The gorgeous flowers of bitterroot (Lewisia rediviva) seemingly pop onto the soil surface in April in much of our region. The blooms can vary in color from a deep rose to lighter shades of pink and even pure white and can be as large as 2″ across, quite the sight when densely spread across a otherwise barren patch of ground! The fleshy leaves were present as soon as the snow left in February or March, but the entire plant will dry up and disappear by summer, only for the leaves to again show up in the fall. This ability to go dormant in the summer, along with its extensive tap root, allows this species to grow in very dry and rocky sites.
Bitterroot is found from British Columbia to California and from the Cascades to the Rockies, and in the late 1800’s was named the state flower of Montana. In our state it is found in almost all counties east of the Cascade crest and ranges from the shrub-steppe to over 4000′ in the mountains. Many groups of Native Americans in the interior West have harvested the roots of this plant for food. It is dug in the early spring before flowering and must be quite nutritious as it is not easy to get the long roots out of the rocky soils it grows in!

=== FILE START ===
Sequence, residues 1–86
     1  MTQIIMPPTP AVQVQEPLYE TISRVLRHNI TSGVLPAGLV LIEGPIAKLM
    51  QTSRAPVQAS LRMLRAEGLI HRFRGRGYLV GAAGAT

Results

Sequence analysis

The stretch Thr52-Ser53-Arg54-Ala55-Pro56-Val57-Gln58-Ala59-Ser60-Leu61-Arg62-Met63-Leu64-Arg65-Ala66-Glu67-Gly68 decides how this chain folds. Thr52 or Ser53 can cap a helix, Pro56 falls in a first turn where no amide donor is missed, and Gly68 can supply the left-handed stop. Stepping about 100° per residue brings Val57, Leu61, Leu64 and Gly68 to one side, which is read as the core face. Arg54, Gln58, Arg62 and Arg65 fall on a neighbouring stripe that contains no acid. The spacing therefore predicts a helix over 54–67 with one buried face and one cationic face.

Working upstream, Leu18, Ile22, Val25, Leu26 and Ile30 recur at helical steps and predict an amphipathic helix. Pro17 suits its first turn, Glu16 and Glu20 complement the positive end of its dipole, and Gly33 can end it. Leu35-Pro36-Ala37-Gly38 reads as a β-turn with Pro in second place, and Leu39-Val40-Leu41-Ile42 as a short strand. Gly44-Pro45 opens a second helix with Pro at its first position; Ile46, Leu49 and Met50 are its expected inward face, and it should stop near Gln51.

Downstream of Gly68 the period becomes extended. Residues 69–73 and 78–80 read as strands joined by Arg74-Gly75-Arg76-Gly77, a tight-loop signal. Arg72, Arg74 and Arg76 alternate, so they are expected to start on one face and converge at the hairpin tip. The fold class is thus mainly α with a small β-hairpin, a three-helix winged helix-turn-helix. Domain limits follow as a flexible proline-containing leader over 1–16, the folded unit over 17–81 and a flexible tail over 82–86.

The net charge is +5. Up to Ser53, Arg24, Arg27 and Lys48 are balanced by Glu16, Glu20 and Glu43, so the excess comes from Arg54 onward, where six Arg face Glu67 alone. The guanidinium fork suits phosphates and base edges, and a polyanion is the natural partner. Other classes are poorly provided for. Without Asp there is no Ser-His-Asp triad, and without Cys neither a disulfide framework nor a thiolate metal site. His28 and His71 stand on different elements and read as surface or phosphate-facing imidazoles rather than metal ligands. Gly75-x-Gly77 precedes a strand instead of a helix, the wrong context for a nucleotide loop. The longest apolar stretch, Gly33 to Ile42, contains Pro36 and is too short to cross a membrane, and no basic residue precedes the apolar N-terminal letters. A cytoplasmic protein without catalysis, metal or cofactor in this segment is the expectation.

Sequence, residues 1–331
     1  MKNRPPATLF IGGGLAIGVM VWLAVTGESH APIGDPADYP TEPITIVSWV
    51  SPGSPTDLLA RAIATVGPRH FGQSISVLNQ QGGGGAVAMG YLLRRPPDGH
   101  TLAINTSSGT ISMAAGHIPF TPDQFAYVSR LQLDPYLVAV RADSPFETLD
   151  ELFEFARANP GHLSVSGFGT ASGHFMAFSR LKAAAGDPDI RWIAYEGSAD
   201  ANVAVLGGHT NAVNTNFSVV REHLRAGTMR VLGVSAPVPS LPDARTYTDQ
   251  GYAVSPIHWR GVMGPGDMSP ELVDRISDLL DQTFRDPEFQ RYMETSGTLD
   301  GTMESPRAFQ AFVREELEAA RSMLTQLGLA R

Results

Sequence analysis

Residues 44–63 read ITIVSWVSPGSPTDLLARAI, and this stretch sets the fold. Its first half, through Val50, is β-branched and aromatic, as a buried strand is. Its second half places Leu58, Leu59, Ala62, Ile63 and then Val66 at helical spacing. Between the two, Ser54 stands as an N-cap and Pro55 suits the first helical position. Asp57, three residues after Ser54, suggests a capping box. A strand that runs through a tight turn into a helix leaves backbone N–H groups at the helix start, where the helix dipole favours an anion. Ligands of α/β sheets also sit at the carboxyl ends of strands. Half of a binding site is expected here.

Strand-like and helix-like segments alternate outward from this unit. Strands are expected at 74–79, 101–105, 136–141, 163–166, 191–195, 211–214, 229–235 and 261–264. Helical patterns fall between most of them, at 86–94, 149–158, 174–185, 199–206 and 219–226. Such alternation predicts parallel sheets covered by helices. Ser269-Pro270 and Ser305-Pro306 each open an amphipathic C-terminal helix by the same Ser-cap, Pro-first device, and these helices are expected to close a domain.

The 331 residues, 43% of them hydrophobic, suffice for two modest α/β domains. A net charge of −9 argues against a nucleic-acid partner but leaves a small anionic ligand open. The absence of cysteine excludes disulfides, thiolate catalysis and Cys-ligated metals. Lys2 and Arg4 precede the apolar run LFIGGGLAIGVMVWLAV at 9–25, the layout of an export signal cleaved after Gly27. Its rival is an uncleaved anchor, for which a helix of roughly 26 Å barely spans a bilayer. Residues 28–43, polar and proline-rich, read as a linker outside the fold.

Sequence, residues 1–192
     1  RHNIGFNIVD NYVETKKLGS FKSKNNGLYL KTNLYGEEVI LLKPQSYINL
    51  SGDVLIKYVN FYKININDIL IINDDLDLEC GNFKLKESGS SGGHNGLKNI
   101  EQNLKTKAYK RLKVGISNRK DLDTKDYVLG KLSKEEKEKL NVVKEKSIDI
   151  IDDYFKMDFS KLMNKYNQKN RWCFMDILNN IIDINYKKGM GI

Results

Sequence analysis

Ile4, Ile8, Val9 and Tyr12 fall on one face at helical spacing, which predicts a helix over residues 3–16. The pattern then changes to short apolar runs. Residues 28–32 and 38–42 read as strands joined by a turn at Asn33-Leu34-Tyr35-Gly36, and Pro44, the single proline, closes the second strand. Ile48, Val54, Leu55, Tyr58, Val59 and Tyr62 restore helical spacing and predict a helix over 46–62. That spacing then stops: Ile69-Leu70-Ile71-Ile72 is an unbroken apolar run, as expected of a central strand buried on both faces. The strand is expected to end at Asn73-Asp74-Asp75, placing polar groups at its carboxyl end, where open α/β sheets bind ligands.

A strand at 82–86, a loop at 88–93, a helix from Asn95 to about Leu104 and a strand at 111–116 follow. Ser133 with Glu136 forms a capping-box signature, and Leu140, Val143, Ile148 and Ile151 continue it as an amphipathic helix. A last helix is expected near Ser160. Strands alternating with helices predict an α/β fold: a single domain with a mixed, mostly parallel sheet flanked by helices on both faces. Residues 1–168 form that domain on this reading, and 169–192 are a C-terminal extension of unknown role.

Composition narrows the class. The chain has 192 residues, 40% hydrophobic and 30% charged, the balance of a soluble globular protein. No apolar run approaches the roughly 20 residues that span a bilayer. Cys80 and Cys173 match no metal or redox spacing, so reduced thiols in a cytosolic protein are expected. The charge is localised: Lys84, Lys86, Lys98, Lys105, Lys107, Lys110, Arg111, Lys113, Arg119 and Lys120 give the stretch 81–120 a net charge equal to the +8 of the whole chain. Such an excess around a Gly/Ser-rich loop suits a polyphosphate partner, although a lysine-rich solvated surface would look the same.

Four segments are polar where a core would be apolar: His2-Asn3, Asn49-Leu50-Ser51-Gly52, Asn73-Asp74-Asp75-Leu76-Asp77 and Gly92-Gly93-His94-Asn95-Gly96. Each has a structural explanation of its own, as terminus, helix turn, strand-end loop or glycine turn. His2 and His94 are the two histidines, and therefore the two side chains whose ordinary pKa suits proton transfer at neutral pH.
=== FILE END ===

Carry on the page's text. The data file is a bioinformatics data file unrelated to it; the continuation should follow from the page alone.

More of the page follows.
Meriwether Lewis collected whole plants in Montana during his 1805-06 expedition and gave them to the botanist Frederick Pursh after returning to Philadelphia. Pursh described a new genus and named it Lewisia in honor of Lewis. The species was named rediviva from the Latin word meaning “reviving from a dry state” referring to the ability of the plant to grow again after having been dug up, dried whole, and stored for months, which the specimen presented to Pursh in fact did, much to the amazement of those at The Academy of Natural Sciences in Philadelphia!